Importantly, every young actor who auditioned for a YSKP show was given a role. This often mean large choruses in each show, but as Fleming wrote in the YSKP “Handbook,” the chorus often “stole the show.” In 2007, the chorus of pigeons from “$ense and $ensibility” was named “Best Ensemble in a Musical” by the Dayton Daily News, lending credence — and a bit of a double meaning — to the oft-quoted Stanislavski adage: “There are no small parts, only small actors.”
All of this combined to create an experience, Fleming said, that taught kids to continue to take themselves, and their work, seriously, both in childhood and as they grew into adults.
“It’s a whole generation of young actors, some of whom — like Martin Bakari, Michael Malarkey, Allison Kelly — became professionals in the theater world or on television,” Fleming said. “And a great many others just became successful.”
In 2014, Fleming decided to retire from YSKP after that year’s show, “Superhuman Happiness,” with the intention of focusing on other creative ideas and his work in the theater program at Central State University, where he is still an instructor.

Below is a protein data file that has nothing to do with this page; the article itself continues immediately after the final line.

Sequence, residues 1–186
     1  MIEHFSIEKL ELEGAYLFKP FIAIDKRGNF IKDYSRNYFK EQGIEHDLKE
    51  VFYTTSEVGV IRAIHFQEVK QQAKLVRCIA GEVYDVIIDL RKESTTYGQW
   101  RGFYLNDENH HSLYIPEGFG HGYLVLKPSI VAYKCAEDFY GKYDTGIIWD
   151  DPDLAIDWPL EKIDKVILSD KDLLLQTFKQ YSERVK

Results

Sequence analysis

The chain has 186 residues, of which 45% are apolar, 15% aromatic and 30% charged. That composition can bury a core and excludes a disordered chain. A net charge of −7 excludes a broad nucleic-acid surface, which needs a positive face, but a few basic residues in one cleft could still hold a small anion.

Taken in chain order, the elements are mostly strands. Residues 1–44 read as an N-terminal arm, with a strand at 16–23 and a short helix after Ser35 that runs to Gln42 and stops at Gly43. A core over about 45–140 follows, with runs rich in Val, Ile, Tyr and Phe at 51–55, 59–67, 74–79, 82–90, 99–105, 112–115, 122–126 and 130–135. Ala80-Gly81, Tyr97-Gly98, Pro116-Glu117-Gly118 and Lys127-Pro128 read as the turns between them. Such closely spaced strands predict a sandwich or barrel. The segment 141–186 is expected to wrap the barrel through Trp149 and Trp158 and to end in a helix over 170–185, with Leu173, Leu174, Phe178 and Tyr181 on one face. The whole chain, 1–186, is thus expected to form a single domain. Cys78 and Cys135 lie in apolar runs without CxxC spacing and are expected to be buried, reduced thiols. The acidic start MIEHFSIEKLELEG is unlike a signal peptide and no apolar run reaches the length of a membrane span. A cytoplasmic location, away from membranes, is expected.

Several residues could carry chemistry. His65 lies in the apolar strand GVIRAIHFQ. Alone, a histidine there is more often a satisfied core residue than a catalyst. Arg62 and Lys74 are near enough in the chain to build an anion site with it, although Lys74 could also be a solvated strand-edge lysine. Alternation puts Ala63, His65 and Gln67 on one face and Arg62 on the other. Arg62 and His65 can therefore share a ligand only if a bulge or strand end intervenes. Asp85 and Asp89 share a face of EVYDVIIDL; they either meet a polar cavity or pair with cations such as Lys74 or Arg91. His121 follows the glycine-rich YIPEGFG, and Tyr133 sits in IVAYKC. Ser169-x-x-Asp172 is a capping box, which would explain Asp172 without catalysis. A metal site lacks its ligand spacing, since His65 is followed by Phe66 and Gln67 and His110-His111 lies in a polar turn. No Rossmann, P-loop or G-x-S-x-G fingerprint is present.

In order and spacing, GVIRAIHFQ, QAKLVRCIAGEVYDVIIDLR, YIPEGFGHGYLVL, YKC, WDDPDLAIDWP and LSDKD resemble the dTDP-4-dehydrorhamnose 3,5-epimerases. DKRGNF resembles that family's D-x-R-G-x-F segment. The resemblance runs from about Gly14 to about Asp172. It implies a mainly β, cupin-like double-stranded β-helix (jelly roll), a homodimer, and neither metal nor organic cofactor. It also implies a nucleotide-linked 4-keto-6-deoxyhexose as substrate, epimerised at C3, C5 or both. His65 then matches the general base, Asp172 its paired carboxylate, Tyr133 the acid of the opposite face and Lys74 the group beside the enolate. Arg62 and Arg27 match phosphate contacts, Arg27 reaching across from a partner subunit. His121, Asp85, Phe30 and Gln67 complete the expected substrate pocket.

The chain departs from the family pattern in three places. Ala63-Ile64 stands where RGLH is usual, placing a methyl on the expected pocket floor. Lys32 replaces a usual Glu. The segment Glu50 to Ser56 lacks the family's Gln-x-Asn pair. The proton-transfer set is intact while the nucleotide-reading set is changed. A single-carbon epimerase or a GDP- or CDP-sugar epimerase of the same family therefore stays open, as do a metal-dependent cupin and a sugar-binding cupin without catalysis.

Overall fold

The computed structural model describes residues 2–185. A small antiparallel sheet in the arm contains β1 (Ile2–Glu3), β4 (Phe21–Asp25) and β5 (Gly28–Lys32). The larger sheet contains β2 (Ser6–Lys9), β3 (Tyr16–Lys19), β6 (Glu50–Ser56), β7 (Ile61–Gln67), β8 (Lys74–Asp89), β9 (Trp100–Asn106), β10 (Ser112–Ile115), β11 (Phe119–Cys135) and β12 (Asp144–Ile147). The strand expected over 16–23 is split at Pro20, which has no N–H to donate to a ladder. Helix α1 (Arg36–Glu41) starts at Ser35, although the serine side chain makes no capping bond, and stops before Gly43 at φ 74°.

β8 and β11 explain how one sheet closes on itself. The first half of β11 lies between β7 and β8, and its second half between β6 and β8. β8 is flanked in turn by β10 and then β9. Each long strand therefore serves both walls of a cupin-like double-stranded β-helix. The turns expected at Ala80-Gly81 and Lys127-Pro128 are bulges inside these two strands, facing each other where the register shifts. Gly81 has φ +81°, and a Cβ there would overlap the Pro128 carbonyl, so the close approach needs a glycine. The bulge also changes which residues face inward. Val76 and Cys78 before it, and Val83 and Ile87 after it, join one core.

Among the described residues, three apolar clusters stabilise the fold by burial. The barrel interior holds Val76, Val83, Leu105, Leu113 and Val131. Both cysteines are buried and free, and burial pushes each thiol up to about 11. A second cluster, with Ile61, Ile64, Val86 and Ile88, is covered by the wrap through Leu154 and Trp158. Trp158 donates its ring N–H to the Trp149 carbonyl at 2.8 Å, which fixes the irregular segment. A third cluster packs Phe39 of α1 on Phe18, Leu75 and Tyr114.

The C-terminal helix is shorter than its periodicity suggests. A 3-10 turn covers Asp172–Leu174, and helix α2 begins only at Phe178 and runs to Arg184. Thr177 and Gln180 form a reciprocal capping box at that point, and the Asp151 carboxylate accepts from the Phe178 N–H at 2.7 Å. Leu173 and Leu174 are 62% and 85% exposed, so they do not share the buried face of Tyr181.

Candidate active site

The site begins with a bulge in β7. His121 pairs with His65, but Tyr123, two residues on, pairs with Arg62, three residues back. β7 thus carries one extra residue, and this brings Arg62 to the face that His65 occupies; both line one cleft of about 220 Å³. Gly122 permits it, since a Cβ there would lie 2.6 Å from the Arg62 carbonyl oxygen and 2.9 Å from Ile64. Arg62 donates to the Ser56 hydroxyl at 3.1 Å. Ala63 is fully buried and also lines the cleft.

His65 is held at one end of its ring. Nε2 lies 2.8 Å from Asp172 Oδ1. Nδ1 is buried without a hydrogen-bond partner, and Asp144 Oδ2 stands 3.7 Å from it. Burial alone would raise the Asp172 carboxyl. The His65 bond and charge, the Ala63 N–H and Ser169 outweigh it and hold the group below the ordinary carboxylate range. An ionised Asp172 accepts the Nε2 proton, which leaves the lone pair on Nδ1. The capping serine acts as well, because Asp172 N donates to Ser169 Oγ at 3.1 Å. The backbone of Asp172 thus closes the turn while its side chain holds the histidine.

As he told the News at the time: “Twenty years seems like a good amount of time. Didn’t Thomas Jefferson say there should be a revolution every 20 years?”
Fleming handed the reins to then-villager and YSKP alumna Ara Beal, who directed “The Farm,” “Alice, Although” and “Luminous Luna” from 2015 to 2017. In 2018, Ara Beal left YSKP for another job, and no shows were produced that year, but Fleming returned to the directorial chair the following summer — YSKP’s 25th anniversary — for a revival of one of YSKP’s most popular shows, “Bonanza Valley!”
Later that year, the loss of the Foundry Theater and amphitheater as performance spaces meant Fleming was looking for alternative avenues through which YSKP could perform. An answer came when, as Fleming told the News in 2021, villager Bob Swaney pitched the idea of a small, mobile theater. With funding from Swaney and his wife, Sue, and the wider community, the YSKP Traveling Tabletop Theater, or TTT, was born.